AgWatch


Cautious Optimism That Trade With China Will Improve

SARA WYANT AND BILL TOMSON

WASHINGTON, D.C.
   President Donald Trump’s claim that China is willing to address “agricultural structural issues” in a trade deal has the U.S. ag sector excited that real change may be coming to the U.S-China trading relationship beyond just increased commodity sales.
   The U.S. biotech seed industry – as well as all the farmers that depend on genetically modified crops – and the U.S. poultry sector could potentially be two of the biggest beneficiaries.
   China’s pledge to make massive new purchases of soybeans and pork are heartening to the U.S. ag sector, but more permanent changes to the country’s restrictive regulatory policies offer long-term fixes to problems that impede billions of dollars in U.S. exports.
   Neither Trump nor U.S. Trade Representative Robert Lighthizer went into detail on what changes China agreed to in the partial “phase 1” deal they said was recently negotiated.
   But one of those “structural issues,” alluded to by Lighthizer on Friday after two days of talks in Washington with Chinese Vice Premier Liu He, is reform of China’s opaque and lengthy biotech approval process.
   “We’re encouraged by the news of the partial deal that includes biotech,” said Andrew Conner, Senior Manager for International Affairs at the Biotechnology Innovation Organization. “China’s regulatory system is broken and the delays are costing U.S. farmers and the economy billions of dollars, so just fixing this issue would be a tremendous win.”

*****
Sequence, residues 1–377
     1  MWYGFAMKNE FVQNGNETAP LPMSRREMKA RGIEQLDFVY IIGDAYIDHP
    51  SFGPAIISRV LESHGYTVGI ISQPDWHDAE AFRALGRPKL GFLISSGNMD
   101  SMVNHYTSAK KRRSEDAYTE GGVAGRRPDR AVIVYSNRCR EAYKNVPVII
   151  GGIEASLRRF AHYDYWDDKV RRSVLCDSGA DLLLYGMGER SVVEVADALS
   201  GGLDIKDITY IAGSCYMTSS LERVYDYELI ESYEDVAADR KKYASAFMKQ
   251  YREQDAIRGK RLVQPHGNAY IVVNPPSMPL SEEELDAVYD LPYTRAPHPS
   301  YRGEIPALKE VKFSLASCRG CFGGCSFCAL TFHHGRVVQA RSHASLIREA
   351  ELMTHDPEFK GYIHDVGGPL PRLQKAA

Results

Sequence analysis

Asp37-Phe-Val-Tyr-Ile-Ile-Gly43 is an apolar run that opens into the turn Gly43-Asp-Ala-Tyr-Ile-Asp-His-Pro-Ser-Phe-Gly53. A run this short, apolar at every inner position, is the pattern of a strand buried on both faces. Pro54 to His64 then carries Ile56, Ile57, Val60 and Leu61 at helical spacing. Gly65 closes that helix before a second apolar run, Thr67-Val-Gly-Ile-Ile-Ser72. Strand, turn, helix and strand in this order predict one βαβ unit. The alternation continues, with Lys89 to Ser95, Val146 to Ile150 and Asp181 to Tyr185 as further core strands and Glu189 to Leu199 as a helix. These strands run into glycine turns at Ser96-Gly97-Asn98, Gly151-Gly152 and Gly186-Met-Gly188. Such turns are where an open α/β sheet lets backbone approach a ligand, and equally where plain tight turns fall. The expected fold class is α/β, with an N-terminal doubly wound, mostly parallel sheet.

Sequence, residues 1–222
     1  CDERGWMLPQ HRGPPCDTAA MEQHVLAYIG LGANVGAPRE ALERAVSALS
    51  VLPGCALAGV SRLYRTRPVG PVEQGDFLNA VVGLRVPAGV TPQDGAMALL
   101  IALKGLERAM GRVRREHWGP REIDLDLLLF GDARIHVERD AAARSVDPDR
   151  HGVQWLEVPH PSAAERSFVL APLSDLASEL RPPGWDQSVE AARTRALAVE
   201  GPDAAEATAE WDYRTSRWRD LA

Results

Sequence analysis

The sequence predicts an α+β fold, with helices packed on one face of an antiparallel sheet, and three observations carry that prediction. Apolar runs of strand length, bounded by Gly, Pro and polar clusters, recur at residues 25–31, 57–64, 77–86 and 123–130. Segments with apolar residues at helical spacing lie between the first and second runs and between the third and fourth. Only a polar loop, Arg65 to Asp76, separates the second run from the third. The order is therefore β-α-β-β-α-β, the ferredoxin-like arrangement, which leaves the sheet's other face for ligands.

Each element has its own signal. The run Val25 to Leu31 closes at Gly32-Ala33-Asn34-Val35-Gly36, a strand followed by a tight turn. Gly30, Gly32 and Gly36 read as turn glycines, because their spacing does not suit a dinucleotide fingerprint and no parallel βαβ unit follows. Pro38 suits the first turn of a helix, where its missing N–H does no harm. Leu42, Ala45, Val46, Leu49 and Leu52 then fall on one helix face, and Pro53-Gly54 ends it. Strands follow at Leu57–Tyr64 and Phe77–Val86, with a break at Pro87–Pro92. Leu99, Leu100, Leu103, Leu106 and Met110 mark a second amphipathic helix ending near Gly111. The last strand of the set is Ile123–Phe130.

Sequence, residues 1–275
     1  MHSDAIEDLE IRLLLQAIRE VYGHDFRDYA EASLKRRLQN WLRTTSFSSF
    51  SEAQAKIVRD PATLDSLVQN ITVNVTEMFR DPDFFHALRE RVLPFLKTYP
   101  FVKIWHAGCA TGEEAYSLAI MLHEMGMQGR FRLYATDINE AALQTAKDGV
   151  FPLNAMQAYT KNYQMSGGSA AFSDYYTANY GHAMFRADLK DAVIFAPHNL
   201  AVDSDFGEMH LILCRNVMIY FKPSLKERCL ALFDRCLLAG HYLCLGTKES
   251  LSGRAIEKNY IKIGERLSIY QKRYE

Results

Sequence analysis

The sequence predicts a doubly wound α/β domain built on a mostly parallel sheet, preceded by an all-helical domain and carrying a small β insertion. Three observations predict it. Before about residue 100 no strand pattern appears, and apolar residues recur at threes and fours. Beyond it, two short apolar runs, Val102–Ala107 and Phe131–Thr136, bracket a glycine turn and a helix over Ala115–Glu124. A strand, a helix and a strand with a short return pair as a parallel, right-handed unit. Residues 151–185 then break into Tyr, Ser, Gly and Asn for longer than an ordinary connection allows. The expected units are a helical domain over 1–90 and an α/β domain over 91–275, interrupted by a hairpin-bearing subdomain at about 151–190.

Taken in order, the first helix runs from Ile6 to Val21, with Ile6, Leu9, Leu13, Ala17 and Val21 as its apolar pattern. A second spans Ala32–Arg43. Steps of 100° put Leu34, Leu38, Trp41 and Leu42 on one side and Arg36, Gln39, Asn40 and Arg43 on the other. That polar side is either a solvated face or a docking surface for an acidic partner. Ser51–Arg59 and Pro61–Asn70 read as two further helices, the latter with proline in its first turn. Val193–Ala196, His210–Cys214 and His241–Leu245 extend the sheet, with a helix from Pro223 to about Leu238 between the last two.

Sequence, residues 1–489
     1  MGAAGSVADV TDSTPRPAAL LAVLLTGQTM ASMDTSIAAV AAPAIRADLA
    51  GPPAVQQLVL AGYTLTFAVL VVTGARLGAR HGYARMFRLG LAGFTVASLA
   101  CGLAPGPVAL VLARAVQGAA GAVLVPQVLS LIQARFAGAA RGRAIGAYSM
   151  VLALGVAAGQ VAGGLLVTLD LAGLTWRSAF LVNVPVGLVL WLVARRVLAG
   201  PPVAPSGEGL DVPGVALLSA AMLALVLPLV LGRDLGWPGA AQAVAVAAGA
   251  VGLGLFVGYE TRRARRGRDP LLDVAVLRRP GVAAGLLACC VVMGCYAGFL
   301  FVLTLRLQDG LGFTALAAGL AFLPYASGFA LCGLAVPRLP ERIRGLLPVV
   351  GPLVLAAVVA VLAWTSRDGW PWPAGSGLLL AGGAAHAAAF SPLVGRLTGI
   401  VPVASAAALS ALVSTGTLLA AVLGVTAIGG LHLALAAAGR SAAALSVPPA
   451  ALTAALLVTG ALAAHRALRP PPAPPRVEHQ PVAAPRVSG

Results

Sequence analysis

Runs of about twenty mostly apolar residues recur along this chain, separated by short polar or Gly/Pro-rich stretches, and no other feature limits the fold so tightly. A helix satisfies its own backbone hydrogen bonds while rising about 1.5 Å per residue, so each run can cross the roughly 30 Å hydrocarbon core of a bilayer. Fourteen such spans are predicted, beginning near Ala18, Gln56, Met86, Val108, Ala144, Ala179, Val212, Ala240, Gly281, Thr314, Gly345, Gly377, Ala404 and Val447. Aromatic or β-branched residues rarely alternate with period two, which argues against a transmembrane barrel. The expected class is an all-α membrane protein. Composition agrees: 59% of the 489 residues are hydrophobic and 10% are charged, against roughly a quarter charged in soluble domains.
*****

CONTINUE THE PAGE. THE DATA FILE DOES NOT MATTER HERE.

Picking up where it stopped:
At the heart of the problem with China’s approval procedure is that the country continues to demand that new biotech traits go through the entire approval process elsewhere before Chinese officials even begin to study it. That delays for years when American farmers can start planting seeds with a new trait or export the crop.
   The U.S. has been after China to change its “asynchronous” approval process for years and agree to begin studying traits at the same time as other countries around the world.
   So, when Lighthizer said recently that the negotiators “corrected biotechnology issues” and the deal would make it much easier for “American farmers to be able to ship to China, it prompted cheers from BIO, which tweeted: “We look forward to seeing the details of the agreement and working w/ the administration on implementation.”
   Chinese approval is far more than just assuring access to China for U.S. corn and soybeans. It also means approval for planting in the U.S. because seed companies usually won't commercialize products at all without first getting the nod from Beijing. Once a trait is introduced in U.S. fields, it can end up inadvertently in supplies shipped to China, risking the potential for massive rejections of U.S. shipments.
   “What this could mean, if it’s resolved, is farmers having access to new technology that can help increase their productivity, reduce their costs and bring billions of dollars to the U.S. economy,” Conner said. “But for that to happen, China needs to commit to systemic change and implement a predictable, timely, transparent and science-based biotech crop approval process.”
   American chicken producers are also hopeful that a deal with China includes both an end to China’s poultry ban and an agreement to accept a regional approach to banning the bird meat in the event of a disease outbreak.